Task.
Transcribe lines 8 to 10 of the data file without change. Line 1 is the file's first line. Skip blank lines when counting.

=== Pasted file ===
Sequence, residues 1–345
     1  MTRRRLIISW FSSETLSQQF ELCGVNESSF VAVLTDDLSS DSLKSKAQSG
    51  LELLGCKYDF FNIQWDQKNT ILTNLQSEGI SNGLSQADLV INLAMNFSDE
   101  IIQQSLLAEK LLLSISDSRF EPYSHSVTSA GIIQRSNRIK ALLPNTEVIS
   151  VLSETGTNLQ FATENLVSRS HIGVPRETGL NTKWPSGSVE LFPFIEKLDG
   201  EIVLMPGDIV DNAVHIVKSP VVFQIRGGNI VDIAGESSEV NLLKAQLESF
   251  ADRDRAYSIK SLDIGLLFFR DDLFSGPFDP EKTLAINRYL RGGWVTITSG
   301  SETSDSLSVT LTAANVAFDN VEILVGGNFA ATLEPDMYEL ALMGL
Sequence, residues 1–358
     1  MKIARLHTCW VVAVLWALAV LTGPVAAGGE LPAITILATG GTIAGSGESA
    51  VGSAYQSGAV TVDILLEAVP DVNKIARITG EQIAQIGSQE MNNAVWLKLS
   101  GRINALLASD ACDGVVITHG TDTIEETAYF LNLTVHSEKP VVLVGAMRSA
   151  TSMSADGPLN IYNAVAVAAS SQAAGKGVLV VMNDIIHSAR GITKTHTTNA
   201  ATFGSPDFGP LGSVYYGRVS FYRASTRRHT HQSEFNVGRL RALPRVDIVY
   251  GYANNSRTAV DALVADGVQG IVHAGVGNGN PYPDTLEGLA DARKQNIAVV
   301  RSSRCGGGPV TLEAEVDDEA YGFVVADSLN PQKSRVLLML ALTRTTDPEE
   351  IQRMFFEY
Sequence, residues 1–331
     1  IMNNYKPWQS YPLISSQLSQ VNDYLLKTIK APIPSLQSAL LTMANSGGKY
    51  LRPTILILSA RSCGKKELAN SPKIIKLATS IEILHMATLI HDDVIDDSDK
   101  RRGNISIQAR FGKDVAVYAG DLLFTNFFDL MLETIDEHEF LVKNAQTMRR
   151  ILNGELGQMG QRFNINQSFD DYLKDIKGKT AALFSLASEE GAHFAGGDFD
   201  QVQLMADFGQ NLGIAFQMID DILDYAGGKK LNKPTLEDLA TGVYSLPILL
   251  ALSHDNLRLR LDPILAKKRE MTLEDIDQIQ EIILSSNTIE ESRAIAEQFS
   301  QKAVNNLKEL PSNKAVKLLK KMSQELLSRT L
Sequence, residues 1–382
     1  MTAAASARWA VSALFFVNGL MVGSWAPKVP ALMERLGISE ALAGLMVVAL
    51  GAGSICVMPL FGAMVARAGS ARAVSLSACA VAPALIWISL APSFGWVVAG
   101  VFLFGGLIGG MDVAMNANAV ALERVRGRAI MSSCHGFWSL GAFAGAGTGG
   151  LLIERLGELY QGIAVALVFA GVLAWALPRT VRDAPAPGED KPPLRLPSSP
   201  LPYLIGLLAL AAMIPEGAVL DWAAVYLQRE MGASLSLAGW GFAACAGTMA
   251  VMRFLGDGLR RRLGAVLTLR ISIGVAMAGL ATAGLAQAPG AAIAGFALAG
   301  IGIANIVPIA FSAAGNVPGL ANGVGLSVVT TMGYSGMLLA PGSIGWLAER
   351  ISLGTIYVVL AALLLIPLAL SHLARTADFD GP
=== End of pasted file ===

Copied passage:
   301  SETSDSLSVT LTAANVAFDN VEILVGGNFA ATLEPDMYEL ALMGL
Sequence, residues 1–358
     1  MKIARLHTCW VVAVLWALAV LTGPVAAGGE LPAITILATG GTIAGSGESA